Boxer Beetle: I have that one here somewhere so I’ll let you know what I think afterwards.

have a lovely day!

Nancy, Yes. Snowdrops has to be the opposite to action packed! It should have been compared to something much slower. I loved Child 44 too – such a shame I haven’t found anything else as good as it yet.

Thanks fo the Alleyn recommendation – I’ll see what I can find.

Enjoy Boxer Beetle 🙂

I haven’t read any of the three but have heard a lot of good things about The Lotus Eaters. I like your resolution though and plan to follow that philosophy myself. There are too many really good books for us to suffer the ones that we just don’t like.

I was hoping The Financial Lives of Poets would be good, but if you didn’t finish, I may not even try.

Do you actually give up on books that you borrowed easier than that you buy yourself? Somehow it seems hard to put a book away if you have spent many on it. On the other hand, it’s also a waste of time to keep reading something you don’t enjoy

Judith, You may well like Poets – I just couldn’t get on with the writing style. Try reading the first few pages and see what you think. Most other people seem to love it so don’t take my brief encounter with it as anything meaningful.

I think I probably do put more effort into reading books I have bought for myself, but that is mainly due to the fact I normally have a very good reason for buying them (trusted recommendation) It normally ends the same way though – I think I’m getting quite good at recognising which books I won’t love early on. This means I am more likely to waste time reading a book I’ve bought for myself than give up and move onto something I’ll actually love.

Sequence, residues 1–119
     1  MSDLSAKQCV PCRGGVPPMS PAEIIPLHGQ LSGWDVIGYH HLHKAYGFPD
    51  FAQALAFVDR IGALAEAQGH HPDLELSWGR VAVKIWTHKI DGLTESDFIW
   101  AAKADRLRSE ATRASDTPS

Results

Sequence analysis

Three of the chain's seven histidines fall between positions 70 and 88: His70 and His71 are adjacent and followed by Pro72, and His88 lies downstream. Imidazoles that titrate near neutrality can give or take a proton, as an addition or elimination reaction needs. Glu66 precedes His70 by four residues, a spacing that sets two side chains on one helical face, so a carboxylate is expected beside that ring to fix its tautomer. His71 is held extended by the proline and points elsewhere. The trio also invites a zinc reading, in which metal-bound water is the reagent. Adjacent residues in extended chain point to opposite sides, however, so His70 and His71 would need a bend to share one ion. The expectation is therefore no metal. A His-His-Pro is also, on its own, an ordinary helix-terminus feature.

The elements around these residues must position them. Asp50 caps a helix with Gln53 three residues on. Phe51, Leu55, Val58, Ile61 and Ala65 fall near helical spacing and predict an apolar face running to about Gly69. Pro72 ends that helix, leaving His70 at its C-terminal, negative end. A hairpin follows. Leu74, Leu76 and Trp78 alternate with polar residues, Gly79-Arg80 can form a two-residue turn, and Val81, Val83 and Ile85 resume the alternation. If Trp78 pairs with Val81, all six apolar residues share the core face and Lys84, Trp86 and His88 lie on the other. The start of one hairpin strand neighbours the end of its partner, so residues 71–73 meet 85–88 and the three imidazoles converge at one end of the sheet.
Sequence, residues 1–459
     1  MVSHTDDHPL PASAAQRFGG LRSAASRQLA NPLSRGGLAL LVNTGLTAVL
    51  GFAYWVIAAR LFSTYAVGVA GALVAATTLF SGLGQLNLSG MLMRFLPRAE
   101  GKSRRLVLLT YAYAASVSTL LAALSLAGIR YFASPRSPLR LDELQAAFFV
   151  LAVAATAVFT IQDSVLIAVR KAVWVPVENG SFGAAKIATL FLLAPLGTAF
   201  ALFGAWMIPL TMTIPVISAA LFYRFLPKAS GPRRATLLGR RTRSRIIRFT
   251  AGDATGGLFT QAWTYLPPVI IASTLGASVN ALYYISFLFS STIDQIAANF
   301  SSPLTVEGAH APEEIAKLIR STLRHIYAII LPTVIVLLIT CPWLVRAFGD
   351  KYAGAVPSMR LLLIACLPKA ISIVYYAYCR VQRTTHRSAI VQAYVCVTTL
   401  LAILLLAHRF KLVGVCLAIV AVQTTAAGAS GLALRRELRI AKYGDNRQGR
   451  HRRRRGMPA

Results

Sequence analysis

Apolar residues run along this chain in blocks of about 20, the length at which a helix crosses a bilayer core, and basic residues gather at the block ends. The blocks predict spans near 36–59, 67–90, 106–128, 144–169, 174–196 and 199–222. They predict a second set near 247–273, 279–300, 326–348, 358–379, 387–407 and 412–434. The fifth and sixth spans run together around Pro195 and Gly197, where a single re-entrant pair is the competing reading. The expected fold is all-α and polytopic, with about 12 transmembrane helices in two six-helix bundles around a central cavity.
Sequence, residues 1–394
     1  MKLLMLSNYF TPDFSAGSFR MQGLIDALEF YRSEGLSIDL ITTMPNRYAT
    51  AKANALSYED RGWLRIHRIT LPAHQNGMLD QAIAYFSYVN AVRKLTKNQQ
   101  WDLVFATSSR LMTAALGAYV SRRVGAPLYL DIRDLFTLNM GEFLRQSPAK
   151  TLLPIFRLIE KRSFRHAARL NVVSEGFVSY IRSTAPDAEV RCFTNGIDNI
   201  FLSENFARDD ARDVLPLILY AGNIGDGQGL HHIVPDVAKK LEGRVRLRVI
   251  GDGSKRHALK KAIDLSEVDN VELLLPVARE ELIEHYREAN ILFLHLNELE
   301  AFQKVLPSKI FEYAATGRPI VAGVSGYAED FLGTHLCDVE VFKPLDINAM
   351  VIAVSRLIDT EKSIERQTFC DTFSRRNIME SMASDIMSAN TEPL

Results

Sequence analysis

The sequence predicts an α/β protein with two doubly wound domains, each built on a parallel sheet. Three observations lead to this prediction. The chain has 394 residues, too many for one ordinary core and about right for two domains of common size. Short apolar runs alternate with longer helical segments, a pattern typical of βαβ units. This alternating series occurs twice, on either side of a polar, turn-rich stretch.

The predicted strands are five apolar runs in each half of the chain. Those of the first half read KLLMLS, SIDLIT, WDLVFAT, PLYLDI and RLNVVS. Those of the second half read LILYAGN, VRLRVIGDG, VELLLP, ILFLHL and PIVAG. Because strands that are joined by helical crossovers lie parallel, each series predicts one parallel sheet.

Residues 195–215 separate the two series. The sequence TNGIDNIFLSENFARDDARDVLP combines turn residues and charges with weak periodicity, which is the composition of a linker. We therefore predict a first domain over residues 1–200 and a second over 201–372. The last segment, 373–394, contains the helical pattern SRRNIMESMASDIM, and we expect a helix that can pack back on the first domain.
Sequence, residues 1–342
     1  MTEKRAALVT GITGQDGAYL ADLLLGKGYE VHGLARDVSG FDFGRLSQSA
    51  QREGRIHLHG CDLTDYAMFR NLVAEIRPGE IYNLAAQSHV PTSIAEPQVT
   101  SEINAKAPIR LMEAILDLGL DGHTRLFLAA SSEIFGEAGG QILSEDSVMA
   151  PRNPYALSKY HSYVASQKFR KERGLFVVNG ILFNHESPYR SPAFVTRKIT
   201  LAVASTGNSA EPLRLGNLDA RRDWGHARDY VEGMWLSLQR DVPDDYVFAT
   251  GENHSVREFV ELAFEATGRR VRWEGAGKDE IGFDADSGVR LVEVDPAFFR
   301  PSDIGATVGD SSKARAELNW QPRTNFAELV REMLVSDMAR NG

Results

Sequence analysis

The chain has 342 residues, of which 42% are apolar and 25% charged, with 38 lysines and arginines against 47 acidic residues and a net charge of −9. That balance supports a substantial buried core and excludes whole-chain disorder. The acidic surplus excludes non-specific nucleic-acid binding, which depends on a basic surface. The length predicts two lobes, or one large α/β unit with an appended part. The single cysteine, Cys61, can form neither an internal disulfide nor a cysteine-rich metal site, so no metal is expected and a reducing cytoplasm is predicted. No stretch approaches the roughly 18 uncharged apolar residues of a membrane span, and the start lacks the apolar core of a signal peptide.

I don’t often give up on books, but I’ve recently come to the conclusion that there are really a lot of bad books that end up on my shelves. But also a lot of good books. If struggling with a book means I’m going to be stuck reading only that and ignoring other books for a long time, it seems to me like it’s not worth it.

I can’t say if you were “wrong” to abandon any of the books (having read none of them), but a lot of times books just aren’t for specific readers. You shouldn’t force yourself. If it’s really not enjoyable and is an actual struggle – better to reject and move on.

Biblibio, I agree, but there are sometimes wonderful books that have a slow, boring beginning. I want to ensure I don’t miss out on those by giving up just a few pages too early. 90% of the time this isn’t the case though. I agree that reject and move on is normally the way to go. 🙂

I am a HUGE fan of Ngaio Marsh’s work. So I’m bound to say I loved SINGING IN THE SHROUDS. But I’ve only read the print version, not listened to the audio. I liked this book because it was one of the few (maybe the ONLY) books using the serial killer motif in the series and I wanted to see how Marsh dealt with it. Also I LOVE murder mysteries set on ships.

This is not, though, Marsh’s best book. So perhaps you might like to try again with ARTISTS IN CRIME or A CLUTCH OF CONSTABLES or DIED IN THE WOOL or DEATH OF A PEER or KILLER DOLPHIN or…
That’s my biased point of view. 🙂

Yvette, Thank you for the Ngaio Marsh passion! I think I’ll try her again, but ensure I only get the print version. I’ll keep an eye out for the titles you mention. Fingers crossed I’ll have more success with her next time.

My rule of thumb is if I’m still not into it at all after 50 pages, I quit. But sometime there is one little tiny part that makes me want to slog through, then I give it 100 pages, I’ve even been known to go to 150 pages. There are so many books I want to read that I refuse to keep reading books I think are really bad or totally flat.

Teddy, I used to ensure I read about 50-80 pages before giving up on a book, but I’ve realised I can usually tell much sooner than that. On the other hand I have given up on books after 300 pages – that frustrates me a lot!